London (CNN) -- Defending champion Martin Kaymer says that being back on The Old Course at St Andrews is "paradise," while Hugh Grant likens the opportunity to compete as "dying and going to golfing heaven."
The Alfred Dunhill Links Championship is a tournament like no other on the European Tour where the world's top golfers rub shoulders with acting and sporting legends in a four-day pro-am played over three Scottish links -- St Andrews, Carnoustie and Kingsbarns.
Five of the six top ranked players in the world -- Luke Donald, Lee Westwood, Rory McIlroy, America's Dustin Johnson and defending champion Kaymer -- will challenge for a share of the $5m prize pot.
This year, amateurs making a star turn include former Dutch footballer Johan Cruyff, cricketer Shane Warne from Australia and Hollywood greats Andy Garcia and Michael Douglas.
"It does not get better than this. This is just a magical place and when we get a week like we are getting now, it's going to be great," Michael Douglas said.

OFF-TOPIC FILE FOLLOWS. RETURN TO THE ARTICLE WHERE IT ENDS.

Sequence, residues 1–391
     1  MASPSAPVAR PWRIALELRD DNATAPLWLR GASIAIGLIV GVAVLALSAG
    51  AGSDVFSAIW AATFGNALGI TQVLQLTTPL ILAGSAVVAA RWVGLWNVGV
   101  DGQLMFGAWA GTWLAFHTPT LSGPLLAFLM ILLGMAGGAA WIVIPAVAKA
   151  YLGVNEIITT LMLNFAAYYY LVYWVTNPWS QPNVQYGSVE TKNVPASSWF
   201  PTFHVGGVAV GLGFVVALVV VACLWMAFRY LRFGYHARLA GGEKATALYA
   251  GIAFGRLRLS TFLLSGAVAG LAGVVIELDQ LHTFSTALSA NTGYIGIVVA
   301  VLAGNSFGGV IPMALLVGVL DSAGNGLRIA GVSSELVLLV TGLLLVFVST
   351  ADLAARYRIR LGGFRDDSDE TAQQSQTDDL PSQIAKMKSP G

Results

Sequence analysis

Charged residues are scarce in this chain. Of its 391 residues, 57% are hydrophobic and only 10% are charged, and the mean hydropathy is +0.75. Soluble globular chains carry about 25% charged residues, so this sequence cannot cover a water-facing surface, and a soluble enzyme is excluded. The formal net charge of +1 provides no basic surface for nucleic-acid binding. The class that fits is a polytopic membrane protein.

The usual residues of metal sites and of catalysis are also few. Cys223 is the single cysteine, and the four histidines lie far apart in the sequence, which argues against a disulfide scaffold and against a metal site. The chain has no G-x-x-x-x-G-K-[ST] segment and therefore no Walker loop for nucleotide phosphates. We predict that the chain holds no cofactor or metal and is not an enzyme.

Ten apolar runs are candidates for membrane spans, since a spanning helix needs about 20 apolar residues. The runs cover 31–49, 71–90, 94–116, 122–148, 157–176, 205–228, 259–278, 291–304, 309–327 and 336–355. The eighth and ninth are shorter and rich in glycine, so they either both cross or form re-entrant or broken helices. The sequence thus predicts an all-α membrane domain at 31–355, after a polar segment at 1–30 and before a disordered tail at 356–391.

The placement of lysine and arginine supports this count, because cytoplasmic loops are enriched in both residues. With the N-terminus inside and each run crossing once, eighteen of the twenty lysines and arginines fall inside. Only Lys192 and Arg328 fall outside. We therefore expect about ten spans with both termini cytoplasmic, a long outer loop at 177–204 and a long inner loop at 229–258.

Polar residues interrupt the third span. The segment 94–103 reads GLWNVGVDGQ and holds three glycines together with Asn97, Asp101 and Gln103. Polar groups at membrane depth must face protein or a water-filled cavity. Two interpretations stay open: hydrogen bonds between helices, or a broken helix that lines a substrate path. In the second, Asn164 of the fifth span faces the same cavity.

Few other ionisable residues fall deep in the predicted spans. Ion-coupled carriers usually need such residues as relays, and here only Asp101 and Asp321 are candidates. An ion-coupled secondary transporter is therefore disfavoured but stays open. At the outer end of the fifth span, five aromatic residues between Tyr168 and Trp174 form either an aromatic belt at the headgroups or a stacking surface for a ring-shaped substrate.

Pros compete against each other in a traditional 72-hole strokeplay competition while also pairing off with an amateur to compete in a team event.
Former England cricketer Ian Botham will play alongside John Daly, while 2005 winner Colin Montgomerie will once again pair Michael Douglas, who returns to play in the event after his much-publicized illness.
"I had my cancer bout so I used the Dunhill as a motivation to get my game together. I am playing with Colin Montgomerie. I played with him back in 2005 when he actually won this event. One of my big treats was to be his partner," Douglas said.
Simon Dyson, the 2009 champion and recent winner of the Dutch Open will pair up with rock star Huey Lewis.
"Every time I play here, it haunts me. If you could get up at four or five in the morning and look west, you would see all the folds and ridges - its like nothing you could ever create. It's perfect," Lewis said.
Not all the star golfers are teaming up with A-listers. Many, including Martin Kaymer, Ernie Els and Rory McIlroy, have chosen more familiar faces, to them at least, and will tee off with their fathers.
But the prize for most unexpected and welcome visitor of the week goes to...the sun. Players and spectators have been basking in unseasonably warm temperatures (so far) at an event where bobble hats and waterproofs are usually essential.